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There is still a chamber there for each reed.   Don't dismiss the idea of the upright reed block, it might allow you to fit in more reeds.

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4 hours ago, Theo said:

There is still a chamber there for each reed.   Don't dismiss the idea of the upright reed block, it might allow you to fit in more reeds.

So the picture that wolf was showing they are still called a chambet

chamber? I thought a chamber was a space for air with 2 holes? Think I got a bit muddled up some where. As for the reed blocks it is quite true I might be able to fit more reeds but when I have to remove every reed and tune it I might as well just screw it straight to the board as wolf showed. 

 

I think the most difficult part of all this is going to making the buttons and levers with the pads on as I have no access to metal so wood is my only option. 

 

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20 minutes ago, accordian said:

I thought a chamber was a space for air with 2 holes?

 

indeed - the reeds are on one side, and the hole, to be closed by the pad, on the other - it happens when everything is assembled, with the chamois as visible per the picture providing an airtight seal.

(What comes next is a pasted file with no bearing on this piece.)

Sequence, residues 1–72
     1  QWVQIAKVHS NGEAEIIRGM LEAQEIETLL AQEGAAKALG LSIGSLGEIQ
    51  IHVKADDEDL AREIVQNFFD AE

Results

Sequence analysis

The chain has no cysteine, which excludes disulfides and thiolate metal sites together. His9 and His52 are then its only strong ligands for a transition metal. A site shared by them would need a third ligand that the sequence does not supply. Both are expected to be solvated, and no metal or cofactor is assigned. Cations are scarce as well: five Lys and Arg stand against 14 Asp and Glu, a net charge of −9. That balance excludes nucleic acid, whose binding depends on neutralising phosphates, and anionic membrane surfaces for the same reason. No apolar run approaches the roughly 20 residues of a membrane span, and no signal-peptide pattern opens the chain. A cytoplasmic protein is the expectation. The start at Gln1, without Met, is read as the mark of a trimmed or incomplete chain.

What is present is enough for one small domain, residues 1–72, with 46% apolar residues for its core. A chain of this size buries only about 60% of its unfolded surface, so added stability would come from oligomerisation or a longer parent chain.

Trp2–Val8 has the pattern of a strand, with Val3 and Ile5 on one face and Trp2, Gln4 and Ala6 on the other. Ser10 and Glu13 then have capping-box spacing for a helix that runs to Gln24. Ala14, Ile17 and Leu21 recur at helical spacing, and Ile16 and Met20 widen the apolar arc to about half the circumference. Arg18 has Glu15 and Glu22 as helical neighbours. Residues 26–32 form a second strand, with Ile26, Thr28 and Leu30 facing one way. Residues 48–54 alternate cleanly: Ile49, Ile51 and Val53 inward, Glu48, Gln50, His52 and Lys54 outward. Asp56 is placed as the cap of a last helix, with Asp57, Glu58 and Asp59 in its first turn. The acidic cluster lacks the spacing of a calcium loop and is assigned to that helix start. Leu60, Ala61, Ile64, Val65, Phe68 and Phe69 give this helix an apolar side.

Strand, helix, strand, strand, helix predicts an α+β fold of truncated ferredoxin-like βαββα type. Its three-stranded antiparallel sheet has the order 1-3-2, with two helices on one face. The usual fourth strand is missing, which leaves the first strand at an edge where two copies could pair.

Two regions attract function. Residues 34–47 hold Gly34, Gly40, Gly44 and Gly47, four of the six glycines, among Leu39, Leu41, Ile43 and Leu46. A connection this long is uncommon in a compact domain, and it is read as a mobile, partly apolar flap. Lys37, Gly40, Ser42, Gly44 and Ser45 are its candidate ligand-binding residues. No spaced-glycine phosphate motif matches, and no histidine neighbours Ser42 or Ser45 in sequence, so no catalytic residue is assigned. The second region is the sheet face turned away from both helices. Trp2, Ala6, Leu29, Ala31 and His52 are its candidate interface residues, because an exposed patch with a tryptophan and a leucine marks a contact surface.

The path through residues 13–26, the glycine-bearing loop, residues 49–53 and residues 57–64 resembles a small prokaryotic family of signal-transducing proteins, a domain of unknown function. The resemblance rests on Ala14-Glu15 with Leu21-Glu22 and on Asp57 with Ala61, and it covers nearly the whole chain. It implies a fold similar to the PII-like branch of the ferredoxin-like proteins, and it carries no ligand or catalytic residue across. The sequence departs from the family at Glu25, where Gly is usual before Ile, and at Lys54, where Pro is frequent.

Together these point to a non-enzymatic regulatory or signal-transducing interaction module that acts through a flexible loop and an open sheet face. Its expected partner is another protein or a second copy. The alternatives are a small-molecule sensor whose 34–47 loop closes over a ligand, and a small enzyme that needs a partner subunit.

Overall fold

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Accordeon, With regard to your post of using accordion reeds for a concertina, you can cut every accordion reed plate to a smaller size. Time consuming but it works well. Or contact the Melodica makers in France to get their more narrow reeds which now have stainless steel reeds. These are nice and flat and easy to work with. The main problem hasn't been addressed and is very important. I have seen many new, very well made concertina's but often the sound is mediocre. This has to do with the size of the reed compartment. Too small and it will 'choke' the sound. Too large and the sound gets tardy and subdued. Many years ago on my bi-annual trips to the accordion factories in Italy it finally clicked. I wanted a special button accordion made from C/G to D/G. The factory refused, telling me the C/G was especially made for a C/G to get optimum sound and turning it into a D/G would stifle the sound projection.. As I was also making wind instruments at the time I applied this knowledge to my instruments which worked very well and got some extra technical literature from about 1850 which confirmed it. Wind turbulation and air compartment size are a most important aspect to produce a purer and richer sound. With my own instruments, concertina and accordions, I re-adjust reed compartments volume where needed. It is time consuming but in the end very worthwhile. Also important to remember is the air pressure you are working with. I have taken many air samples from England, France, Germany, Austria and The Netherlands and found tuning variations in each of these countries from A440 showing as A438 to A442 so don't be surprised if your instrument is out of tune playing in different countries or even close to 1km up in the mountains. Playing up in mountains, 1km high and higher, can mean your instrument does not show the same tuning reading as at sea level. Overall I found the English air pressure playing havoc with tuning and tuned my instruments at A443 in Australia at sea level to have them playing at A440 in England. A concertina not sounding bright, slow in response or just not sounding good enough may well mean for you to check out the reed compartment. Just even out the tuning won't  fix it. Sorry about the long blurb but nobody seems to address this that I know of.